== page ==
In my role as strategist for a marketing agency, I work with a number of clients who have, in the past few years, taken a more customer-centric approach to their marketing activities.

In a practical sense this means they provide their customers a variety of mostly digital tools–cost calculators, supplier locators, e-catalogs, and the like.

When they tell me about the work they’re doing to optimize user experience, they describe approaches that are more about the properties of these tools–their appearance and functionality–than the experience of the user.

They don’t talk about what their customers are really doing when they take up one of their tools, as if that matter has already been settled. However, many of them also complain that their marketing efforts (i.e., these tools) are failing to deliver the results they’re aiming for.


Looking to Heidegger

One explanation for this failure is that when we use, say, a mobile app our experience is not primarily with its properties—its appearance and functionality. This was a distinction anticipated by the 20th century German philosopher Martin Heidegger. For Heidegger, the objects we use are most meaningfully experienced in context, as the stuff of everyday life.

For a given occasion, the heart of my experience using Google maps is that I can’t be late for an important meeting in an unfamiliar location. My experience is not centered around any of its features. Understanding the experience of using an object depends on understanding the context of use. Even a glancing familiarity with Heidegger and the philosophy of René Descartes, which is the line of thinking Heidegger stood against, will shine a light on the importance and character of context.

The prevailing understanding of user and experience–the understanding behind my clients’ preoccupation with the properties of the tools they provide their customers–grows out of Descartes’ thinking, according to which, each of us is a self-sufficient subject (“a thinking thing”) engaged at a purely intellectual level with objects and their properties. So it’s no surprise that we define users as primarily concerned with the appearance and function of the objects they use, and require that experience be explained in terms of these properties.

According to Descartes, as thinking (rational) beings, an object’s properties are all that are truly available to us. The instinctive, intuitive–non-rational, absolutely contextualized–ways we access and use objects for meeting the demands of a specific situation are effectively invisible to this understanding of user experience.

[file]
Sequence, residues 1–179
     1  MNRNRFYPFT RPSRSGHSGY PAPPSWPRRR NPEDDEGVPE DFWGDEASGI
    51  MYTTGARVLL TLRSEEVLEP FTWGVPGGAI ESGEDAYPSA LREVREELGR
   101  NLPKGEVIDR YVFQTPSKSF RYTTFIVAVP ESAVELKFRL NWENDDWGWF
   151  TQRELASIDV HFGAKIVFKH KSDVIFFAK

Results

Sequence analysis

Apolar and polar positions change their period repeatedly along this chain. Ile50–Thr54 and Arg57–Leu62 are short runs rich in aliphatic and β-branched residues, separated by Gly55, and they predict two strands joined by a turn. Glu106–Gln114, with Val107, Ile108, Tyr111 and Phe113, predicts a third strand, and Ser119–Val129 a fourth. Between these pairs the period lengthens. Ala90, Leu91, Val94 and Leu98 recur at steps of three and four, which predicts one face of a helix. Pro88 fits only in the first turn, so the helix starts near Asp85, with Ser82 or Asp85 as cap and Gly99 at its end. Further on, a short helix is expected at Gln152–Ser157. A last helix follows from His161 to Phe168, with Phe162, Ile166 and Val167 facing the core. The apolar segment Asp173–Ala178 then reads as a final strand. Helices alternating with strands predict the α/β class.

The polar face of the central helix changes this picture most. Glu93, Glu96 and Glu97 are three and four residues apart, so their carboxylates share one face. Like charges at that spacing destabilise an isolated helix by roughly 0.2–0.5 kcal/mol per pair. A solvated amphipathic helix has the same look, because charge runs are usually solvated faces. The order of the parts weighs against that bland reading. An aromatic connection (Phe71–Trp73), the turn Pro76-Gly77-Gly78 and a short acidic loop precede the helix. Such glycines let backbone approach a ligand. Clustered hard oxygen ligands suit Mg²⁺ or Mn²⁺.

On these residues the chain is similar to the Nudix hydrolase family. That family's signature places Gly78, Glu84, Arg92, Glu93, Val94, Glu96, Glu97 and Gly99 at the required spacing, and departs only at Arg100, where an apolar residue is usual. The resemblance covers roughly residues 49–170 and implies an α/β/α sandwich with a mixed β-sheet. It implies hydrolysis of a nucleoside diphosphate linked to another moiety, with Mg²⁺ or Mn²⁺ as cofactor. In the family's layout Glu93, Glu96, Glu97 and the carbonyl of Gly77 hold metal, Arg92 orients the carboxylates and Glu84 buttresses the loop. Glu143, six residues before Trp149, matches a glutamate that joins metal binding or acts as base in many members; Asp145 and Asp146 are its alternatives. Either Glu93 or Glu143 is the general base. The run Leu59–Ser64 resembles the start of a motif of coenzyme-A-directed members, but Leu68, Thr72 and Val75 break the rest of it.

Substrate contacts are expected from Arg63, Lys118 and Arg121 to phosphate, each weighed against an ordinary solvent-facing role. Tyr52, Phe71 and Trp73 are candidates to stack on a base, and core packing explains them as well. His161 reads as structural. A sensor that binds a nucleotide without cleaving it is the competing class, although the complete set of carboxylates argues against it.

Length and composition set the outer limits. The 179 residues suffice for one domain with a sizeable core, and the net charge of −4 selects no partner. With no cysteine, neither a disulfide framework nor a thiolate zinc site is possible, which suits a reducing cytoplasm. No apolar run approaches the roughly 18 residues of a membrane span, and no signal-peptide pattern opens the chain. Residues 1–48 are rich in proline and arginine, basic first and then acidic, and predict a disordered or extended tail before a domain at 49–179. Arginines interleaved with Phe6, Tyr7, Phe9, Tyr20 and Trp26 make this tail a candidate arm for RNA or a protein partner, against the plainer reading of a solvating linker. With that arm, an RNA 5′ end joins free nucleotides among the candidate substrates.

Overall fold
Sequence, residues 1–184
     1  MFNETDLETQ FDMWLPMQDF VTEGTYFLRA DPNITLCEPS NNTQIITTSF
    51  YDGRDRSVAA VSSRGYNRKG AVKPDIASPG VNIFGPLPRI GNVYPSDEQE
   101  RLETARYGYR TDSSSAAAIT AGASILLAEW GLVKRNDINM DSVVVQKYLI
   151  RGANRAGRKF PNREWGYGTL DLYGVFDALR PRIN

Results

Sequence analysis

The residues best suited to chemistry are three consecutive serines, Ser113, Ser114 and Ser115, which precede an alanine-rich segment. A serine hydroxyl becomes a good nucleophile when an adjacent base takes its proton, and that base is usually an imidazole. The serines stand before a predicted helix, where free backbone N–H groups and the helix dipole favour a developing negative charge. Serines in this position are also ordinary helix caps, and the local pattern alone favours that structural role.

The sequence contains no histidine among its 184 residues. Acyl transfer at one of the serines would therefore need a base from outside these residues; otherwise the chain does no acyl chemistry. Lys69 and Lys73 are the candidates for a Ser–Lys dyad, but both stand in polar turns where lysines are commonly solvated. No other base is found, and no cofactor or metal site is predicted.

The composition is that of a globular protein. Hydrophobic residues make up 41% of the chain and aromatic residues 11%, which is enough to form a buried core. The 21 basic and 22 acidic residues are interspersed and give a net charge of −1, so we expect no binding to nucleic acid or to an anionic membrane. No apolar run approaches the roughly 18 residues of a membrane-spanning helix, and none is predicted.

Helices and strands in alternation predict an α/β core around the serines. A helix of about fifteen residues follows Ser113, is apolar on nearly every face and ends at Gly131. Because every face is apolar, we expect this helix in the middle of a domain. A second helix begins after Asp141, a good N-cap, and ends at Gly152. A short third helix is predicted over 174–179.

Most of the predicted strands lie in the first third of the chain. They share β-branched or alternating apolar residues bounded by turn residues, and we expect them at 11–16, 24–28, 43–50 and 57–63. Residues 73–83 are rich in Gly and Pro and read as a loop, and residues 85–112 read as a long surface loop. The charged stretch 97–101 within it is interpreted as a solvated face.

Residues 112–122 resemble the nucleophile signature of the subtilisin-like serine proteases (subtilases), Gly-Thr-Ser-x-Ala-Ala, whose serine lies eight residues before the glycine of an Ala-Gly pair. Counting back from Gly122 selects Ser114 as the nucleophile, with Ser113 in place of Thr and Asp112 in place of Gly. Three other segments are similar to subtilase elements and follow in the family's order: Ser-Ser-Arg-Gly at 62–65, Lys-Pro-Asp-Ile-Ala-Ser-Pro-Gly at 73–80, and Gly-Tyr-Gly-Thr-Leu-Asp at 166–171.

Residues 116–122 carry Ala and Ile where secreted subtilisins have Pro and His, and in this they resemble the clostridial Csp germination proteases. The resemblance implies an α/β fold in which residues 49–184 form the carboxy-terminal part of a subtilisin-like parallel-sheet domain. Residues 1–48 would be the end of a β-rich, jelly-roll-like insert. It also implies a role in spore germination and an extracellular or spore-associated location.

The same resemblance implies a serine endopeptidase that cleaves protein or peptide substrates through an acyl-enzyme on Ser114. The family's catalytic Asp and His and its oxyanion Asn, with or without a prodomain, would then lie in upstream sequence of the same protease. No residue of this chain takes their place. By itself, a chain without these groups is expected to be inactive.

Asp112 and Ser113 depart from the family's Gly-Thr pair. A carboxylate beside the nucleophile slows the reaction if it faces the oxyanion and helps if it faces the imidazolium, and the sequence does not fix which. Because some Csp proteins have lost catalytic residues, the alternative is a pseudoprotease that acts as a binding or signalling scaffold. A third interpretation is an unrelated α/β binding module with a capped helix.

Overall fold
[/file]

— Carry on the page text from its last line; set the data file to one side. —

Emphasizing his staunch opposition to the Cartesian tradition, Heidegger describes the kind of being we experience with the phrase “being-in-the-world.” This connotes not location but involvement (as it does when we say, for example, “in love”) and "world" stands for all the unwritten rules directing one’s involvements. For example, the way a door is experienced as the means for going in and out of a room and not as a slab of wood. As being-in-the-world we experience objects as useful or not useful in relation to a specific situation. Think of the pen you pick up to jot a quick note. Before picking it up you don’t stop to consider its color, material makeup, functional advantages, etc. You are involved in the situation that calls you to make a note and the pen is only there for you as a pen because of that situation.

Don’t Be Cartesian

Though the customer-centric agenda many of my clients have recently adopted might be a positive development, it’s misguided. The agenda shouldn’t be directed by the Cartesian framework, which underlies the preoccupation of most organizations with the properties of the things they produce. Yes, at some level properties matter to users, but they are not what the average, ordinary, everyday experience of moment-to-moment reality is about. It’s this level of experience that’s both most essential to us and least understood by organizations producing things that get used. Getting a handle on this common, everyday, lived experience is crucial for marketing and UX professionals, and it requires a paradigm shift of the kind Heidegger introduced with the concept of being-in-the-world.

The situated involvement at the heart of being-in-the-world reflects an interior condition very different than the Cartesian stance towards a world of objects, which is subjective and rational. Heidegger describes it with the word care. He says being-in-the-world is care. A thing matters–we care about it–because it is of a specific particular situation, and it depends on the full network of relations that define a situation.

Great UX … should be a matter of getting the phenomenon of individual involvements right.

I care about the pen because it allows me to make a note, which is how I remember the groceries I have to pick up on my way home, which is an enactment of providing for my family, which is … well, the point is made. The glue that coheres these relationships is care.